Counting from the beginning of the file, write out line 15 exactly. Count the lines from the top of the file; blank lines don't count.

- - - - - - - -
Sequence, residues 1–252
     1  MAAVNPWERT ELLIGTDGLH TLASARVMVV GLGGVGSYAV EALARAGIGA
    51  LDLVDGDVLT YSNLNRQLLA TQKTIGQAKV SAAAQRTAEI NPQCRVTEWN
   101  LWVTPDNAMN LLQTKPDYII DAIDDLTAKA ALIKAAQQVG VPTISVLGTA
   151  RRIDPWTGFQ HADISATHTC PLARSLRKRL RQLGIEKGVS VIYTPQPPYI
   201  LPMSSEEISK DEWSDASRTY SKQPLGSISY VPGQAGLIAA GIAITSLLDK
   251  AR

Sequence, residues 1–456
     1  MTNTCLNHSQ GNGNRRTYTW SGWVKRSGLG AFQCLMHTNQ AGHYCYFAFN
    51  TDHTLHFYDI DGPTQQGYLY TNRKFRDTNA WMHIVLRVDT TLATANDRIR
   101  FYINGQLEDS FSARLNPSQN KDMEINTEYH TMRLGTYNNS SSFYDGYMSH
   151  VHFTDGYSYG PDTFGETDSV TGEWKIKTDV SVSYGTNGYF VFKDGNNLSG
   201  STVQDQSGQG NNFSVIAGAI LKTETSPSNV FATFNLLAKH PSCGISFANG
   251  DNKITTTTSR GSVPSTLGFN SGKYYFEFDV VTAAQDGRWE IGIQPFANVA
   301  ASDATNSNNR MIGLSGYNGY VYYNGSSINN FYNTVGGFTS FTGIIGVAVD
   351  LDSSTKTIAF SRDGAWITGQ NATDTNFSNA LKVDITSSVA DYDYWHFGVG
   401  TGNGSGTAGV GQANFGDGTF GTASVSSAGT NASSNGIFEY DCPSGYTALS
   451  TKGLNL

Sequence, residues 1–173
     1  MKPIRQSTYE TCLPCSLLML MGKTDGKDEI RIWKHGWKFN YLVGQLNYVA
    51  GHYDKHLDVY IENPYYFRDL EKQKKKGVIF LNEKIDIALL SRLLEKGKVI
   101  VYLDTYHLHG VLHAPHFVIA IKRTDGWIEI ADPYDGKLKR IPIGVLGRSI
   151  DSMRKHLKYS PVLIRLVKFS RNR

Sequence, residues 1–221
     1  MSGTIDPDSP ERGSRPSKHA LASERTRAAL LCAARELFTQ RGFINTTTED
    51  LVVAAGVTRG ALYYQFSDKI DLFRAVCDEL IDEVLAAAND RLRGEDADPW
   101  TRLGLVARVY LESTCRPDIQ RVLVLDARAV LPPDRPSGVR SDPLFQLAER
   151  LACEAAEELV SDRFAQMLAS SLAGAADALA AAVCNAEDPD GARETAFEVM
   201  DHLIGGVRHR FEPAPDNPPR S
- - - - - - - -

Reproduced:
   301  ASDATNSNNR MIGLSGYNGY VYYNGSSINN FYNTVGGFTS FTGIIGVAVD